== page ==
These are the words an IT Director at a large company here in Montreal told me last week right before we hung up.
Like many, they’ve implemented SharePoint back in 2010 to benefit from a centralized document repository that did not require VPN or special tools to access other than a browser.
Over time, the more they used SharePoint the more they realized it didn’t do what they needed quite right and some extra effort would be required. I think the feeling is shared by many organizations though they won’t all admit it, that’s why I am happy to see people move to Office 365 and use the new SharePoint on it.
SharePoint starts out easy and turns complicated
We’ve all been seduced by SharePoint, click and click and you have a site. In fact, for the last couple of years, we were more than happy, sometimes with a grin showing, to say:
“It’s not a tool, it’s a platform, you build what you want with it.”
I’d say it so proudly, knowing how powerful SharePoint is and the things we’ve be able to do with it. Intranet, Extranet, Internet, Collaboration Sites, Applications, I mean the list goes on almost forever. Name it, and we can do it with SharePoint. However, it does not mean you should.
The problem isn’t so much that we would torture SharePoint into doing what we wanted it to do, but that as we started using it, we would realize how it actually works. “Oh no, you can’t do that with SharePoint”, “Well you can, but that’s custom dev”, “We’re going to need to plan because you can really pay for it later”.
I love SharePoint, the problem is that for too long it’s been sold as an easy solution to our business problems when it simply isn’t. It requires a lot of work and knowhow to build the solution to your business needs. If you know what SharePoint is, then you are lucky enough to know what you are getting into when getting started. It’s just not the case for many.
SharePoint is changing, but not going away
We’ve always been saying it: in IT, expect things to change quickly and adapt to them. And yet, it feels that a lot of us were simply not ready for the changes happening right now. I’ve said it before and I’ll say it again, SharePoint isn’t dying nor it’s going away.
But wanting it to stay the same is an absurd request. I wish I’d have actual stats to show, but most don’t even use the SharePoint they have. They put files on it with a few tags if we’re lucky and maybe create some workflows to automate some of these aspects.
Of course, those working in larger enterprises will argue that they have an Intranet, an Extranet and they are actively using the Team Sites. That’s awesome and to them I say that SharePoint is still here, will change by adding some new things and changing some old things but it will still be here. You can get SharePoint 2013 as an On-Premises installation, migrate to it and continue benefiting from all that you have built with the platform.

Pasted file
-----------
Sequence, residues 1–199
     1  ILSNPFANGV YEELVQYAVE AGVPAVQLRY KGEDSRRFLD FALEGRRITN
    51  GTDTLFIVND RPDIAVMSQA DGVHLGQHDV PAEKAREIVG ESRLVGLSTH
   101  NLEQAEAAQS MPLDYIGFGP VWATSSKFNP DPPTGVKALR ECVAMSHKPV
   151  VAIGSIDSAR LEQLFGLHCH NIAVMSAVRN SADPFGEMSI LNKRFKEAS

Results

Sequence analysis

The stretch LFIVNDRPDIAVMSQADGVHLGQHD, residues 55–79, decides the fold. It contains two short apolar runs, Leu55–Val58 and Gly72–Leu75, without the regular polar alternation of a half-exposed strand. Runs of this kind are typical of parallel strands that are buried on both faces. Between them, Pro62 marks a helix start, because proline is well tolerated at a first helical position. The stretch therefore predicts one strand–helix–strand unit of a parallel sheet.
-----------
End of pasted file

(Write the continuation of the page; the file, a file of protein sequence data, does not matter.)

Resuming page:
But for many who just have “SharePoint Licenses” or are using it as a File Share on a webpage and don’t have the time and money to invest in building on this platform adequately, it’s not doing it. Slowly, people in the organization who need solutions, will find what they need elsewhere.
Your move to Office 365 will offer you a new SharePoint to consume
Take a few steps back and look at it from a new perspective; it doesn’t have to replace everything you have if you don’t need it to. Office 365 gives amongst the bundle of features offered, a new way of consuming SharePoint instantly.
For many organizations, it presents itself as an alternative that stays within the context and control of the traditional IT that already has so much invested with Microsoft. From Active Directory to deployment with SCCM and now Intune, to integration with the OS they deploy. A move to Office 365 allows them to remove some burden from the server management and configuration and focus on delivering solutions to their organization’s needs.
For some, it can be an easy Hybrid solution you connect to your existing investment with SharePoint that does everything you need, but provides consumable packs to them. The Video Portal, Groups for Office 365, Delve and the expected NextGen Portals quickly mentioned in a post by Mark Kashman at Microsoft are all great examples of this.
You can get the “Traditional SharePoint” because it’ll still be here and build your own Video Portal the way you want or “consume” the Office 365 Video Portal quickly and easily without much effort. In my opinion, this is what Office 365 is offering and is in the right spot for the challenges Microsoft is facing.
It’s certainly has been a long and exhausting road with SharePoint for many, but the future doesn’t have to be. Don’t look at Office 365 as the replacement, but as an alternative or add-on that offers quick consumption of SharePoint through Portals and Solutions already prepared for us. Tell me, how’s you relationship with SharePoint these days?